Leading to Borough Freedom

Lord with Kin and Bondsmen

This social system, based upon the principles of ‘kinship’ began in early English tribal culture. But what is feudalism? It is a system of rule whereby the nobility held land from the Crown in exchange for military service. The vassal nobles were tenants of the king, and their retinue bondsmen and peasants were retained by the noble to work the land and to assist in the military protection of the lord and his lands.

I have written something about this ancient practise in my essay covering “Tribal Rites and their Influence on English History.” However, when referring to Feudalism this normally conjures the period of the Norman Conquest. Contrary to a common acceptance and general assumption that William of Normandy introduced feudalism to England I feel I must clarify upon its introduction.

The principle began much earlier within the ‘Tribal Hidage’ assigning numbers of hides (or tribute-paying families) to each region or province, originating in Mercia, during the Mercian ascendency. It was loosely tied to the ‘Wergild’ a grading system that played multiple roles including a person’s value and status. In Anglo-Saxon times there were codes of obligation (duties and taxes) beginning with the ‘Trimoda Necessitas’ (Three-knotted obligations) a tax on the subjects of an Anglo-Saxon king. These required the services of Bridge-bote (to repair bridges and roads) Burh-bote (to maintain fortifications) and Fyrd-bote (for military services). These duties were the mainstay of Anglo-Saxon society.

It seems that this system can be dated back considerably in time, to even before the great Offa’s Mercian empire. This was pointed out to me by my old friend Charlie Morriss. It became very apparent with the establishment of the fortified burhs under the directions of Alfred the Great and was widely accepted under the Norman regime. Feudalism, in England, appears to have actually begun by Aethelbald (King of the Mercians (716-756) with ‘obligations’ later formalised by King Offa (757-796). His son-in-law Beorhtric (Brihtric) King of Wessex (786-802) a close ally of the Mercians, adopted the ‘Trimoda Necessitas’ and the principles of feudalism. By Alfred’s time the duties were commonly referred to as the Bridge-bote, Burh-bote and the Fyrd-bote. The Fyrd-bote may have been also known as the Wyre-bote to include suitable landless men of the lord’s holdings within his levy.

Quite probably, according to Asser, Alfred’s biographer, Offa may have constructed a minor number of basic burhs while improving upon Aethelbald’s fortifications when developing a defence mechanism against the early Viking and local Welsh raids.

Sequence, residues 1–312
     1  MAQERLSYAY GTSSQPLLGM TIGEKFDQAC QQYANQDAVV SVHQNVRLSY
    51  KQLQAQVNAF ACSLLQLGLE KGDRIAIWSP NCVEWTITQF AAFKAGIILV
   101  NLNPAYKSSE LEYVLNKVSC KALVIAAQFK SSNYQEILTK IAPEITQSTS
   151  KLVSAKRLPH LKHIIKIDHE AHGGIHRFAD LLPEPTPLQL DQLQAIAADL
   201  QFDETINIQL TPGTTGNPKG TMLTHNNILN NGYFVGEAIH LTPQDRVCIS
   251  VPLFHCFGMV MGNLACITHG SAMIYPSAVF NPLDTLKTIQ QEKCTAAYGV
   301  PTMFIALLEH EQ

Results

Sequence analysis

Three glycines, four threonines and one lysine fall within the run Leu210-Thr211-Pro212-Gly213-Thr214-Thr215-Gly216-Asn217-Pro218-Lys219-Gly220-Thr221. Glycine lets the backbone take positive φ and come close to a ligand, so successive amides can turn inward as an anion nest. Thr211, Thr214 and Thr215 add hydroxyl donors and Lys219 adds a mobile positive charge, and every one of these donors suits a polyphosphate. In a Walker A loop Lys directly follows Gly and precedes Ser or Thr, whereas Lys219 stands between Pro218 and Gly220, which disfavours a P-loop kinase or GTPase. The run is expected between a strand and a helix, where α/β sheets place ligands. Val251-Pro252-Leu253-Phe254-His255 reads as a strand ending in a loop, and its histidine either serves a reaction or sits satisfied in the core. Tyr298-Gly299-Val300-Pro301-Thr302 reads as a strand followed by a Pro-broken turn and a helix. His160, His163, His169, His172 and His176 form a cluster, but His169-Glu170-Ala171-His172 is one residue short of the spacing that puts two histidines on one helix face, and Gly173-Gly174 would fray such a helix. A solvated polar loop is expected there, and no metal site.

The conquests and settlements of the Vikings, that ringed the northern waters, brought England fitfully within a Scandinavian orbit and it was not until England was subjugated by the Normans, themselves of Viking origin, though gallicised in part, that Scandinavian influence reached its height in England during the Danish dynasty. But the empire of Cnut disintegrated after his death in1035. Edward, son of Aethelred II and Emma of Normandy was accepted as King of the English in 1042.

Edward (the Confessor) united the lines of Cerdic and Rollo, although by his upbringing he was more a Norman than a west-Saxon (neither English nor French). The Conquest by William was a systematic replacement of the many remaining Scandinavian-Anglo-Saxon residual influences. To some extent the Norman impositions were corrected by the ‘Magna Carta’. The folk-rights and local traditions set in motion under Alfred-the Great’s policies provided special advantages to the ‘freemen’ of the boroughs that to some extent remained until their eventual dissolution under the Municipal Corporations Reform Act of 1835.


The origins of the 3 feudal obligations known as the ‘Trimoda Necessitas’. These were imposed by the king on all Saxon landholders. There is an argument over the spelling of this being Trinoda, either way it should be considered as the ‘three fundamental obligations. Bridge-bote will have broadly covered the repair of roads and the ‘Wyre’-bote to maintain the military routes across country. The first formalisation appears with Aethelbald of Mercia (716-756) following a Council had in 749. Ref. H P R Finsberg “The Formation of England 550-1042”

Aethelbald (King of Mercia) according to Bede, in 731 “was now master of all England south of the Humber”. He appears to have developed a broad strategy to defend and protect his empire,

It is likely that Wat’s Dyke, running 38 miles from Dee in Flintshire to Newbridge nr Oswestry in Shropshire, was constructed under the direction of Aethelbald to dominate Cheshire.

Offa with greater Mercian Supremacy demanded Bridge and ‘Fortress’-work, plus all occupants of ‘bookland’ must provide quota for military service when the king or local ealdorman calls out the host. By 794 they were exacting ‘military service’.

‘Bookland’ (law) in Anglo-Saxon land tenure was vested by charter. Land held without a charter was ‘folkland’.

Offa’s Dyke was conceived of an idea of a negotiated frontier with the Welsh.

By 1042 the assimilation of the Vikings was in progress and their terrifying marauding hordes had ended. The kingdom which Edward had been called to rule was bounded in the west and north by the limits of the Mercian and Northumbrian earldoms. The frontier with Wales had greater stability with Offa’s Dyke marking the chosen limit of Anglo-Saxon penetration. However, the Welsh principalities and the kingdoms of the Scots were not completely independent of the English king.

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